RALEIGH — North Carolina is a national front-runner in protecting campus speech rights, a recent report from the Foundation for Individual Rights in Education shows.

FIRE, a nonprofit research and legal organization, examines more than 450 public and private universities each year. Schools are rated based on the constitutionality of their speech policies.

Red-light schools have restrictive policies — such as free speech zones or bans on “offensive speech.” Yellow-light schools hold vaguely worded policies — such as rules against “verbal abuse” that may be used to restrict free expression. Green-light schools have written policies posing no threat to the First Amendment.

(Graphic courtesy of the Foundation for Individual Rights in Education.)

Just 35 out of 461 surveyed schools received green lights this year. North Carolina is home to eight green-light schools, far and away the national leader, Samantha Harris, a FIRE spokeswoman, told Carolina Journal. Pennsylvania is next with four, followed by Indiana and Virginia, with three each.

The latest ratings are encouraging, Lt. Gov. Dan Forest, who has worked with FIRE to bolster free speech across the University of North Carolina’s 16 schools, told Carolina Journal.

North Carolina surged up the ranks last year when several UNC schools overhauled policies choking speech. In 2016, only UNC-Chapel Hill was ranked green. In May 2017, UNC Greensboro and N.C. Central, formerly ranked as red-light schools, saw their lights turn green.

Appalachian State University, UNC-Charlotte, East Carolina University, and UNC-Wilmington were green-lighted later that year.

Duke University is North Carolina’s only private school with a green light.

In 2008, only eight schools in the nation were rated green. But while speech rights are gaining traction on campuses, roadblocks remain, FIRE says.

“Since public colleges and universities are legally bound to protect their students’ First Amendment rights, any speech codes — red or yellow light — are unacceptable,” the report states.

This year, 93 of 357 public universities were ranked red, and 233 were yellow. Only 31 got a green light.

Of 104 private colleges, 56 were red, 37 were yellow, and four were green. The remaining seven schools were labeled as “warning schools,” which don’t promise free speech. Those universities prioritize other values — many religious — over the First Amendment.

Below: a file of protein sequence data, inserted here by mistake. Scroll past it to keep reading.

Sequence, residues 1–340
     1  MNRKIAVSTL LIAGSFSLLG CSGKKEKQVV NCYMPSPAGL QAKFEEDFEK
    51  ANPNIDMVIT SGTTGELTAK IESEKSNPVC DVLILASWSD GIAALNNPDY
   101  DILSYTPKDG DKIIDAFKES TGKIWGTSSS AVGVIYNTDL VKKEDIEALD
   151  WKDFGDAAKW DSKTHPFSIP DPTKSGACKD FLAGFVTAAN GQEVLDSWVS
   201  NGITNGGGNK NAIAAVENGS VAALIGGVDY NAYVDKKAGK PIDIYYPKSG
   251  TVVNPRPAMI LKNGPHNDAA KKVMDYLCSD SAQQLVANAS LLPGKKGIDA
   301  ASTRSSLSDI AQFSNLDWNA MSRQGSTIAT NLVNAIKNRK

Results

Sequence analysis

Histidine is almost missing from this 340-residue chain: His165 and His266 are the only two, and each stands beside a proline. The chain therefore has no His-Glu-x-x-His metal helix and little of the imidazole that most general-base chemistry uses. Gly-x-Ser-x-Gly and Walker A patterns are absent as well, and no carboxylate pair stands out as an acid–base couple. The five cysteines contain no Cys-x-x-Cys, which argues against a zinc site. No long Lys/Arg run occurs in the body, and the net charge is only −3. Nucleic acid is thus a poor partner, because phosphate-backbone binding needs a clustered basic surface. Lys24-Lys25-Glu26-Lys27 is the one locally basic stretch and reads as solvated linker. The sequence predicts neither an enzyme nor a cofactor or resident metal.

(Graphic courtesy of the Foundation for Individual Rights in Education.)

“Despite the critical importance of free speech on campus, too many universities — in policy and in practice — chill, censor, and punish students’ and faculty members’ expressive activity,” the report says.

“It is imperative, therefore, that those who care about free speech on campus continue to stay vigilant. The decrease in speech codes and the proliferation of free speech policy statements are the result of the relentless work of free speech advocates.”

A handful of North Carolina lawmakers are outspoken supporters of free speech. The legislature in 2017 passed a bill to fortify First Amendment rights on UNC campuses.

House Bill 527, Restore/Preserve Campus Free Speech, required the UNC Board of Governors to adopt a uniform speech policy for the UNC system. It also directed the board to form a Committee on Free Expression.

The board adopted such a policy late last year.

Some organizations, including the American Civil Liberties Union of North Carolina, cautioned against the law, stating it could chill speech — not protect it.

The bill was a solution in search of a problem, ACLU spokeswoman Susanna Birdsong told CJ during a May 2017 interview.

“We do believe that the UNC system and North Carolina colleges in general are effectively protecting speech on their campuses today, and that there are existing remedies that are working well when they don’t do that,” Birdsong said.

When H.B. 527 passed, only one UNC campus — Chapel Hill — ranked as a green-light school. Eleven others were ranked yellow, and the remaining four were designated red.

North Carolina’s jump in rankings shows the state’s commitment to upholding the First Amendment, but work remains, Forest said.

“I commend the leaders of our universities as well as the Board of Governors for their work in implementing the law and look forward to the day when all of our universities are centers where free speech can flourish.”